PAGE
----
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Too many routine preoperative tests performed before low-risk medical procedures

Guidelines recommend limiting medical tests before low-risk surgeries, however electrocardiograms and chest x-rays are still frequently performed, according to a study by researchers at the Institute for Clinical Evaluative Sciences (ICES) and Women’s College Hospital.

June 1, 2015  |  Download Release

ICES

Guidelines recommend limiting medical tests before low-risk surgeries, however electrocardiograms and chest x-rays are still frequently performed, according to a study by researchers at the Institute for Clinical Evaluative Sciences (ICES) and Women’s College Hospital.

Evidence indicates that for patients undergoing low-risk surgery, routine testing does not improve outcomes and can actually lead to surgical delays, patient anxiety and other issues. The Choosing Wisely campaign, which started in the United States and spread to Canada in April 2014, aims to reduce unnecessary low value care practices by changing physician and patient attitudes.

The researchers looked at ICES data on more than 1.5 million patients aged 18 and over who underwent more than two million procedures such as endoscopy, opthalmologic surgery and low-risk surgery including knee and hernia repair in 137 institutions in Ontario from April 1, 2008 to March 31, 2013. Despite guidelines that do not recommend routine cardiac screening before low-risk procedures, the researchers found that electrocardiograms (ECGs) were performed before about one-third of surgeries. Preoperative testing was performed more frequently in older patients, with ECGs conducted 18.3 times more often in people over age 65 than in patients aged 18 to 25.

“Our study shows that rates of preoperative testing before low-risk procedures are higher than expected, with significant variation at the regional and institutional level across hospitals,” said Dr. Sacha Bhatia, cardiologist at Women’s College Hospital and a scientist at ICES.

The researchers found a 30-fold difference in rates of preoperative procedures between institutions with the lowest rates of preoperative tests and those with the highest rates.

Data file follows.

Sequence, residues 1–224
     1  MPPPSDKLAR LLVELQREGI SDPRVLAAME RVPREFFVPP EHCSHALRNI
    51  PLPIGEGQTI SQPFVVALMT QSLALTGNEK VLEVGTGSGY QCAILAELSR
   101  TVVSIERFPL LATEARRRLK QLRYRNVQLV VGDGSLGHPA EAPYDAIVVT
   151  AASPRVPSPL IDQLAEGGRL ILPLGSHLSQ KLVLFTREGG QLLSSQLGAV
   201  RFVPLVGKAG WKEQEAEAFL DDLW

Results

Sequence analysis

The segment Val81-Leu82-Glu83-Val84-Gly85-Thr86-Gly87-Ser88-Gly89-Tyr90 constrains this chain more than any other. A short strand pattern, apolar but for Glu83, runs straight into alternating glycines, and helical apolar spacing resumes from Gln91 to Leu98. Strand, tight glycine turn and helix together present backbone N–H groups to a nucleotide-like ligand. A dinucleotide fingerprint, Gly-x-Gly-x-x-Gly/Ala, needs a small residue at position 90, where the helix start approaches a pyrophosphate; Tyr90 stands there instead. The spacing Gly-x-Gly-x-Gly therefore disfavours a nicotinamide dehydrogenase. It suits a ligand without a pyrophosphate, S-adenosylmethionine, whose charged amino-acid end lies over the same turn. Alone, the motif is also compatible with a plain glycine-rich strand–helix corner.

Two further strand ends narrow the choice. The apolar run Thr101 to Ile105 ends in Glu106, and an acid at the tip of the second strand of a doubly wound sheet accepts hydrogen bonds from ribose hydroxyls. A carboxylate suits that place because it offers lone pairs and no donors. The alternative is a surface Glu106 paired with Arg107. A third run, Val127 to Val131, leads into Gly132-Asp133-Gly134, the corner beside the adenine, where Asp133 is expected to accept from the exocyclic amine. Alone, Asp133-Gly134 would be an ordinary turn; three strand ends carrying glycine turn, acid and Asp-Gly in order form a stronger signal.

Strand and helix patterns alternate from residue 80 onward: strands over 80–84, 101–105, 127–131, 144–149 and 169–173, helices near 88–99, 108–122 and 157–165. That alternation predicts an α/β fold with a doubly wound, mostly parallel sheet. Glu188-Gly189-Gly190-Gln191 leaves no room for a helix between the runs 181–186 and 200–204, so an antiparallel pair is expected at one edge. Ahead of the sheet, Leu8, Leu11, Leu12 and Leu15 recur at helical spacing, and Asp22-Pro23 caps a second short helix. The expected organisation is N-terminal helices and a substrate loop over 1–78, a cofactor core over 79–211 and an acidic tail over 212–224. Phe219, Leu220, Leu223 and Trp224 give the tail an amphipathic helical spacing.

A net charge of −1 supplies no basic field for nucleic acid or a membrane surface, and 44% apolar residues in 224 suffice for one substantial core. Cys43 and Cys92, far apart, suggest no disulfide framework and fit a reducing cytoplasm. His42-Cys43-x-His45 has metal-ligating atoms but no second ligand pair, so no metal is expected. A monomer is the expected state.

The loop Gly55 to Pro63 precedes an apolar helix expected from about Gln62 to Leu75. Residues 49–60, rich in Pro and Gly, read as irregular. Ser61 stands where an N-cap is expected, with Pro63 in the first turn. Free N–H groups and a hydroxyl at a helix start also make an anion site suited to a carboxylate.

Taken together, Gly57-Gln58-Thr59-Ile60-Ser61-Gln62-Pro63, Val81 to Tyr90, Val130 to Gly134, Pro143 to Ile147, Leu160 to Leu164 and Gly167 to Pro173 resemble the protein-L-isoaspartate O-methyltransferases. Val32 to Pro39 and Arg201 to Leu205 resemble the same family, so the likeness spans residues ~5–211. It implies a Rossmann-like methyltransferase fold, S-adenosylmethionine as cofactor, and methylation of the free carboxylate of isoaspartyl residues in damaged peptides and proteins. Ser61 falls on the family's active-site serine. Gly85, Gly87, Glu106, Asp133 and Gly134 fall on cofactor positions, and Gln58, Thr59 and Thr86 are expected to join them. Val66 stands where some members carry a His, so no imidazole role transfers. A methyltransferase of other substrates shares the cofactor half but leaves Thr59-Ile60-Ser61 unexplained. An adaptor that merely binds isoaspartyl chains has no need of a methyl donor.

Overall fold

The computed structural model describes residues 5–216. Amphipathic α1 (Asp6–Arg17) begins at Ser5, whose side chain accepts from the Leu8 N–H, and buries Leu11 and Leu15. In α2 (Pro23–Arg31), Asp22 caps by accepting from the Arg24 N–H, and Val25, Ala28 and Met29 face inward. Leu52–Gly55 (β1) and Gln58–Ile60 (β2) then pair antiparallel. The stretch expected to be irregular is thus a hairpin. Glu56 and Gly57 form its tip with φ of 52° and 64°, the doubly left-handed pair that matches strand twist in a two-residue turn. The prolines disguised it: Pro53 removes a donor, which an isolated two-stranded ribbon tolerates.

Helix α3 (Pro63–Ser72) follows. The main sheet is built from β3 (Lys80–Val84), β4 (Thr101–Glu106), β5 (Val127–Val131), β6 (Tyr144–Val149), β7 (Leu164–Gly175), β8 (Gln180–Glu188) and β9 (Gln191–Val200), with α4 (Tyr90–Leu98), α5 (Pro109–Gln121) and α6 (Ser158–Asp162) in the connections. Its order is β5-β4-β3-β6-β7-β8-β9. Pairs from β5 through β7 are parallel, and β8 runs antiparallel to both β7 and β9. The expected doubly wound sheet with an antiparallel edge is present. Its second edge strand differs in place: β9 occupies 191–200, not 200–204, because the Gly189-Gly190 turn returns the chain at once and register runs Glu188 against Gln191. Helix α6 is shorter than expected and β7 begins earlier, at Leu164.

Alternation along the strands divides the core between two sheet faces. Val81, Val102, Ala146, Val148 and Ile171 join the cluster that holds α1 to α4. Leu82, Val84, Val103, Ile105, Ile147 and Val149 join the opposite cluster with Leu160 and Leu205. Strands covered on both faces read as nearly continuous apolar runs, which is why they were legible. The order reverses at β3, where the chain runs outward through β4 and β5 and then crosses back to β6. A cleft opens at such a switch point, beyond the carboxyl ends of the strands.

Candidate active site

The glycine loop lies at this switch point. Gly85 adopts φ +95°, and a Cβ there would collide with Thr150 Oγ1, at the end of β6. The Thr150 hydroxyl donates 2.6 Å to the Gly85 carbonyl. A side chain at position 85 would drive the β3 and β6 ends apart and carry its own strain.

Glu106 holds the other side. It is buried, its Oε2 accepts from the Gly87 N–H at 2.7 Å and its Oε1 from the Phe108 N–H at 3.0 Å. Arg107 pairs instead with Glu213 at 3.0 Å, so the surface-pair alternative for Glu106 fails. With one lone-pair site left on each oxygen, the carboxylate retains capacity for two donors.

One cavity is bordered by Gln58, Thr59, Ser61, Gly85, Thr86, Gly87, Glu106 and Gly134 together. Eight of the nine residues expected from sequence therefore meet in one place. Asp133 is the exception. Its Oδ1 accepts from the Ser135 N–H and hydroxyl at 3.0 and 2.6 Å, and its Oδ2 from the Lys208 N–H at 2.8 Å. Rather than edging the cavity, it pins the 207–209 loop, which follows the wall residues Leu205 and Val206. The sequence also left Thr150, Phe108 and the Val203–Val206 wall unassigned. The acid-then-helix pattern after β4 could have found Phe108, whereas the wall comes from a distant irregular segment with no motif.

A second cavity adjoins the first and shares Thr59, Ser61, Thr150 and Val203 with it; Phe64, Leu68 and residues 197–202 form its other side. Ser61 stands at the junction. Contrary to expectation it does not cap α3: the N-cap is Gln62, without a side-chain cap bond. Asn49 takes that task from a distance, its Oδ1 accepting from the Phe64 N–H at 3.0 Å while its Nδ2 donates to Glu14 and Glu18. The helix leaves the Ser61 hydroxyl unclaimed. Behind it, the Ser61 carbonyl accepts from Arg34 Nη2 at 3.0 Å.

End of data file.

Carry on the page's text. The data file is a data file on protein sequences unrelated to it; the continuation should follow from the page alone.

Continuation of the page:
Previous studies have looked at older patients over age 65, whereas this study looked at all patients over the age of 18.

“Our results suggest that the major drivers of preoperative testing are older age, procedure type, concurrent preoperative consultation, and the institution at which the procedure is conducted. Interestingly, patient co-morbidities, particularly cardiac co-morbidities, were not major drivers of pre-operative testing,” adds Bhatia.

“Preoperative Testing Prior to Low-risk Surgical Procedures,” was published in the CMAJ.

Author block: Kyle R. Kirkham, Duminda N. Wijeysundera,  Ciara Pendrit,  Ryan Ng, Jack V. Tu  Andreas Laupacis, Michael J. Schull, Wendy Levinson and R. Sacha Bhatia.

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ICES

ICES is an independent, non-profit organization that uses population-based health information to produce knowledge on a broad range of health care issues. Our unbiased evidence provides measures of health system performance, a clearer understanding of the shifting health care needs of Ontarians, and a stimulus for discussion of practical solutions to optimize scarce resources. ICES knowledge is highly regarded in Canada and abroad, and is widely used by government, hospitals, planners, and practitioners to make decisions about care delivery and to develop policy.

Women’s College Hospital

For more than 100 years Women’s College Hospital (WCH) has been developing revolutionary advances in healthcare. Today, WCH is a world leader in the health of women and Canada’s leading, academic ambulatory hospital. A champion of health equity, WCH advocates for the health of all women from diverse cultures and backgrounds and ensures their needs are reflected in the care they receive. It focuses on delivering innovative solutions that address Canada’s most pressing issues related to population health, patient experience and system costs. The WCH Institute for Health System Solutions and Virtual Care (WIHV) is developing new, scalable models of care that deliver improved outcomes for patients and sustainable solutions for the health system as a whole.

Women’s College Research Institute (WCRI) is tackling some of the greatest health challenges of our time. Its scientists are conducting global research that advances the health of women and improves healthcare options for all, and are then translating those discoveries to provide much-needed improvements in healthcare worldwide.

For more information about how WCH and WCRI are transforming patient care, visit www.womenscollegehospital.ca and www.womensresearch.ca

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